We can see this change in how people feel about America and their Americanness in the sentiments expressed by folks, including Norma above, who spoke to The New York Times on the day Biden and Kamala Harris took the oath of office.
“It’s a relief,” Norma Luna [age 49, of Killeen, Texas] cried as she watched the ceremony. “I didn’t think we could get here. We’re proud to be Americans again.”
In Annandale, Va., Isra Chaker, 30, an advocate for refugees and asylum seekers at Oxfam America, felt unburdened of the need to justify her “Americanness” during the Trump administration — even though she was born and raised by Syrian immigrants in Boulder, Colo.
“Today I know that I belong here,” Ms. Chaker, a Muslim who wears a hijab, said. “It was reaffirmed that we are all America and America is all of us.”
We can all certainly understand why Luna, Chaker, and others feeling the way they do. Going further, I want to encourage every American to separate their feelings about the country we share from the policies its leaders may implement in any given period of time, no matter how horrid. (To be clear, that can also include when Democrats in charge act in ways with which we disagree.) Consider Nikole Hannah-Jones, Pulitzer Prize-winning journalist and creator of The 1619 Project, a publication that offers a valuable corrective to our public discourse on the history of racism in America—and which, only slightly less satisfyingly, manages to drive Republicans completely batty.
In addition to overseeing the Project, which was published in The New York Times in August 2019—when four more years of Trump in the White House seemed at least a 50-50 proposition—Hannah-Jones penned the introductory essay. She opened the piece with a straightforward statement: “My dad always flew an American flag in our front yard.” Hannah-Jones then traced 400 years of American history, including the story of her own family—specifically her father, his relationship to America, and how her view of that relationship changed over time. Of course, the relationship was not so straightforward.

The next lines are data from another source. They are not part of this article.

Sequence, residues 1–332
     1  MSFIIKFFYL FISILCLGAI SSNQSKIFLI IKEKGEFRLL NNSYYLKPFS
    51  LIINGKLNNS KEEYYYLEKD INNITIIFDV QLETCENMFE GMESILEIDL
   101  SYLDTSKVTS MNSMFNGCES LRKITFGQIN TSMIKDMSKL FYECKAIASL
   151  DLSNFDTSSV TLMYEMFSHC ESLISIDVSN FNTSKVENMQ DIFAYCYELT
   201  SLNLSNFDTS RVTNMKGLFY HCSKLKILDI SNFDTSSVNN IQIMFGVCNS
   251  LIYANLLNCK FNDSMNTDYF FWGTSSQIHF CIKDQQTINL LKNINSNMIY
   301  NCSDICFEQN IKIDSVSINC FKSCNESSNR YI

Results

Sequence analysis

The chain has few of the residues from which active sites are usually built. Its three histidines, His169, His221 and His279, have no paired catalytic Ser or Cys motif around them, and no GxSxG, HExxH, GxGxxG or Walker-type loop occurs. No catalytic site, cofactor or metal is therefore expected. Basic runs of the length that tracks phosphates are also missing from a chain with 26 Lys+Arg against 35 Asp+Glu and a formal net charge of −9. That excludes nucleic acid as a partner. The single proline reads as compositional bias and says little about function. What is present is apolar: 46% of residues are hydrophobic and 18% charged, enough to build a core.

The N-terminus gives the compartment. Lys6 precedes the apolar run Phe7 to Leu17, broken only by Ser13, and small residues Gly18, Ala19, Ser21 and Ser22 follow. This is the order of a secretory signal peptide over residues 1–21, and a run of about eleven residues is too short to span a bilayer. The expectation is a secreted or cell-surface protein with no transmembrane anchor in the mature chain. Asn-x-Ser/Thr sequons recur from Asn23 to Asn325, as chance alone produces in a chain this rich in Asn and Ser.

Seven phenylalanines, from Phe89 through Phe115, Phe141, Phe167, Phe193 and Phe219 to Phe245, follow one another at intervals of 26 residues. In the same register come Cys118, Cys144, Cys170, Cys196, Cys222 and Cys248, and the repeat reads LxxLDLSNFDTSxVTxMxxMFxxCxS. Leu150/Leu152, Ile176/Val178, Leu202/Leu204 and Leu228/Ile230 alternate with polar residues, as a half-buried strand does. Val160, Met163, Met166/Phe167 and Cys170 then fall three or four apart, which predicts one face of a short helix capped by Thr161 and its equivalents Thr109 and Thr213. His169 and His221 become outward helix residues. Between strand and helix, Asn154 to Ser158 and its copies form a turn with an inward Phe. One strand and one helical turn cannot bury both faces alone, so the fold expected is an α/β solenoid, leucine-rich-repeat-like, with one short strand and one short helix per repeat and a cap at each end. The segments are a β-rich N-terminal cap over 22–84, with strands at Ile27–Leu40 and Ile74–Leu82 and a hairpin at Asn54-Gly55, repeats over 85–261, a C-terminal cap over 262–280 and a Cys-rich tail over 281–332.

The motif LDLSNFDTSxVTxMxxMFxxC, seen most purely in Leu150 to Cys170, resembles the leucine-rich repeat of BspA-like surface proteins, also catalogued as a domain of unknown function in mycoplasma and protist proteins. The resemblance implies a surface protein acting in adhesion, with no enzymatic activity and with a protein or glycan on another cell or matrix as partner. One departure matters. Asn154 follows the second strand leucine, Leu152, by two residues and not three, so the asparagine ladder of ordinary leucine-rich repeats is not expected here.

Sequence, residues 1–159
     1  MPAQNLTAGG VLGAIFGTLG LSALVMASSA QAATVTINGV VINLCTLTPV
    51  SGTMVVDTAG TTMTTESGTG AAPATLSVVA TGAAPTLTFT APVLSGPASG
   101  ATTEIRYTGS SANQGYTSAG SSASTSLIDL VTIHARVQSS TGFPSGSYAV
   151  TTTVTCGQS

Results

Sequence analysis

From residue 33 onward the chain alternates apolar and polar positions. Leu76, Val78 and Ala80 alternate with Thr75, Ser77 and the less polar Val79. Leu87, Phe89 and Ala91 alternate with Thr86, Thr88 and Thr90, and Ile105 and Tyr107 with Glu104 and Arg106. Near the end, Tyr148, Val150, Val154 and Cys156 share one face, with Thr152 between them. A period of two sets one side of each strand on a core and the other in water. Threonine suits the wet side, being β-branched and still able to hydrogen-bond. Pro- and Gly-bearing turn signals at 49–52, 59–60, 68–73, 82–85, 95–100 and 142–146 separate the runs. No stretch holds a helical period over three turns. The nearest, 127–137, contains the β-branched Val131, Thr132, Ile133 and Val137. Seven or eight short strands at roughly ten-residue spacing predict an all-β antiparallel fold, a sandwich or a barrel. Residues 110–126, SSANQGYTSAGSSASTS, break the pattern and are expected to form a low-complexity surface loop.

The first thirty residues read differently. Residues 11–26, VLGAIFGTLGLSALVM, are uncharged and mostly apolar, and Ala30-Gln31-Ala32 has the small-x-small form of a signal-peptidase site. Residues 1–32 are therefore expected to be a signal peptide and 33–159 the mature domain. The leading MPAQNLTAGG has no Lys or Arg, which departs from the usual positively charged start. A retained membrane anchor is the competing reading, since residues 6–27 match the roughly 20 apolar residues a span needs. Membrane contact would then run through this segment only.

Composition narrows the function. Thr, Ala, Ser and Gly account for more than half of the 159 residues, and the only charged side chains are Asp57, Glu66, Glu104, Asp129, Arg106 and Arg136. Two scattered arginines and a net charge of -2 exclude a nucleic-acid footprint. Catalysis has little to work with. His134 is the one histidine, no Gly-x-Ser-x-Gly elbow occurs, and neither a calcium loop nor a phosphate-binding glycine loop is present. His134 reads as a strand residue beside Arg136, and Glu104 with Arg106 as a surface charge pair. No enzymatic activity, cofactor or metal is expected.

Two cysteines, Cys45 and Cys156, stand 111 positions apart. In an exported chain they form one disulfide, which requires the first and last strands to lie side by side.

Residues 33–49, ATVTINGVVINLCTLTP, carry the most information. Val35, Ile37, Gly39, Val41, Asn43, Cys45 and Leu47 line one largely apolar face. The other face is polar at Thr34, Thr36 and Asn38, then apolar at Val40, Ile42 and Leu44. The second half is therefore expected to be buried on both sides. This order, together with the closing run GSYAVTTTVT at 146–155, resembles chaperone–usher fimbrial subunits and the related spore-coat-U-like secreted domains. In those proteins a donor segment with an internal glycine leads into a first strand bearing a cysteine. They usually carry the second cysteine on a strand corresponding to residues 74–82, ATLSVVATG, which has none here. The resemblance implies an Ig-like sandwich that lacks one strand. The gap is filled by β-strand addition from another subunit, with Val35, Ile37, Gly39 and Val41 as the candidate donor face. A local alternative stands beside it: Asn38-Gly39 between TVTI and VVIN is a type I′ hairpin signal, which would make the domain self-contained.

Hannah-Jones goes on to explain that her father was born at the end of World War II; he joined the army in 1962, aspiring to advance and earn a better life for himself and his family. He’d also “hoped that if he served his country, his country might finally treat him as an American.” That didn’t happen, Hannah-Jones related; the discrimination he faced mirrored that of so many African Americans of his time—as well as too many today.
Despite this mistreatment, Hannah-Jones’ father never wavered in his patriotism, his feeling of connection to his country, and his pride in being American. She explained how this made her feel.
When I was young, that flag outside our home never made sense to me. How could this Black man, having seen firsthand the way his country abused Black Americans, how it refused to treat us as full citizens, proudly fly its banner? I didn’t understand his patriotism. It deeply embarrassed me.